Our investment committee generates the broad views on these risk factors, and the asset allocation committee provides guidance on how those views on risk translate into asset allocations. 

I will incorporate these inputs into actively positioning risk factor exposures, along with relative value and quantitative analysis from the real return team that I lead and discussions with the risk management group at PIMCO. With this collective intelligence, I will potentially make adjustments to a baseline allocation that may include inflation-linked bonds, commodities, currencies, gold and REITs. So a lot of resources are brought to bear on the asset allocation.

Q. Could you expand on how the strategy’s multi-asset approach responds positively to inflation and inflation surprises?
Worah: The greatest inflationary threat to traditional portfolios dominated by stocks and bonds is a positive inflation surprise – inflation in excess of what is already priced in and anticipated. There are five critical asset classes that respond positively over different time frames to inflation and inflation surprises. These are inflation-linked bonds, commodities, real estate investment trusts, gold and currencies.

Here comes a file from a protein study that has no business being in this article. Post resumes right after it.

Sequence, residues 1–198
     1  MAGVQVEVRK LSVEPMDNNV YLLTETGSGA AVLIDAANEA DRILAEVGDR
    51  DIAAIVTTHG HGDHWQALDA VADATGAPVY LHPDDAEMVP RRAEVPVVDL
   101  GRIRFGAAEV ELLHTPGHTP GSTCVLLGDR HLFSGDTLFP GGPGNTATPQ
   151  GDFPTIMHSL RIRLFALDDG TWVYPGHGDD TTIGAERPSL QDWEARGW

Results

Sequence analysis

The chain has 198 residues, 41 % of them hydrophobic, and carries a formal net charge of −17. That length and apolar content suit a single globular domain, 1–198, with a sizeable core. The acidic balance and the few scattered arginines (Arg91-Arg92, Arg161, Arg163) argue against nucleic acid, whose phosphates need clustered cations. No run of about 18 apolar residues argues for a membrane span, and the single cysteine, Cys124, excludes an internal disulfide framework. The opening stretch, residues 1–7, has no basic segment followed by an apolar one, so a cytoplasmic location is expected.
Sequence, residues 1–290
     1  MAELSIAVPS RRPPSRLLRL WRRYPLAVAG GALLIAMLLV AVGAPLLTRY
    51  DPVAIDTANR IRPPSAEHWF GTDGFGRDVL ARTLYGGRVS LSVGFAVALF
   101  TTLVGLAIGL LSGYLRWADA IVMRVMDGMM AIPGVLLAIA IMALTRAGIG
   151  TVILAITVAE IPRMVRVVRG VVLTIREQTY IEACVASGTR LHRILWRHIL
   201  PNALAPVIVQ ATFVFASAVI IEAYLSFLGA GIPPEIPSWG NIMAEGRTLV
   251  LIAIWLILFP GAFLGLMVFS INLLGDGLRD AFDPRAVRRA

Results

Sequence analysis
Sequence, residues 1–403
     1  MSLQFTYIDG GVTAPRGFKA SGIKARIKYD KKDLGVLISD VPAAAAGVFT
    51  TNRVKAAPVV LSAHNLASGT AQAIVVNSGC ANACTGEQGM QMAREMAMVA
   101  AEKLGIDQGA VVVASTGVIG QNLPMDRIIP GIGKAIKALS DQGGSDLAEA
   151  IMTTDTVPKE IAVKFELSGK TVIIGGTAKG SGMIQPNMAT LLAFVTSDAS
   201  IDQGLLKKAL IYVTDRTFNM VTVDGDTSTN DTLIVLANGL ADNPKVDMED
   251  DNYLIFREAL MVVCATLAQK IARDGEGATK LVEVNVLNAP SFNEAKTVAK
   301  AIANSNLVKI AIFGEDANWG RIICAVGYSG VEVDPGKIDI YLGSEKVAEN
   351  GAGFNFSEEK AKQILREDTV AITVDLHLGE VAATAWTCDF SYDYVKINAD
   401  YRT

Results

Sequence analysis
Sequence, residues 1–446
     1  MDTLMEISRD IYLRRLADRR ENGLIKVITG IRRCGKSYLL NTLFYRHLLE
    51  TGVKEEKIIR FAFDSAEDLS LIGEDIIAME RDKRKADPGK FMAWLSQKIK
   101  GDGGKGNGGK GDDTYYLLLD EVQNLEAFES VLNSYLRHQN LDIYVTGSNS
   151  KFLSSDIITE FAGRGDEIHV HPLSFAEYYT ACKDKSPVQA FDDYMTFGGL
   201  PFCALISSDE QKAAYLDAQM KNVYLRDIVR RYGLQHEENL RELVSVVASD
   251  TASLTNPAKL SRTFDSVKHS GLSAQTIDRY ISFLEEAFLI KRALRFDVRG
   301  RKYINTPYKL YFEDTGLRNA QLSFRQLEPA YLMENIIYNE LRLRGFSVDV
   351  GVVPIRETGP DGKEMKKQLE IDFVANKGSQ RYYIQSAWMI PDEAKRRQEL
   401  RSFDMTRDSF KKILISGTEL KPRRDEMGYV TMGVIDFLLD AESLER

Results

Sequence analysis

Inflation-linked bonds are most effective at protecting portfolios in a low-growth and high-inflation environment. They are tied directly to inflation as their principal is contractually linked to official inflation rates which capture inflation arising from increases in wages, education costs, medical expenses, and more. The global universe of inflation-linked bonds has grown in recent years, and about 20% of global inflation-linked bonds are issued by emerging market sovereigns.

Commodities such as food and energy comprise about a quarter of the Consumer Price Index (CPI) in developed countries, but are the most volatile CPI components and often are the cause of inflation surprises caused by unanticipated factors such as inclement weather or heightened geopolitical tensions. REITs may provide protection from increases in housing costs and have a high correlation to inflation over longer time periods. Gold has characteristics of both a commodity that is easily stored for a long period of time and a currency whose supply is limited. Finally, we find that inflation hedging of a portfolio can be enhanced by incorporating exposure to a basket of currencies. This can help combat inflation, driven by higher prices of imported goods brought about by weakening currencies. Currencies of emerging countries that are a significant source of imports can provide a higher degree of inflation protection.

By investing in multiple inflation-sensitive asset classes while managing volatility, hedging tail risk and seeking value via active management, the strategy aims to better position investors’ portfolios for inflation.

Q. How do you evaluate and monitor risks in the strategy?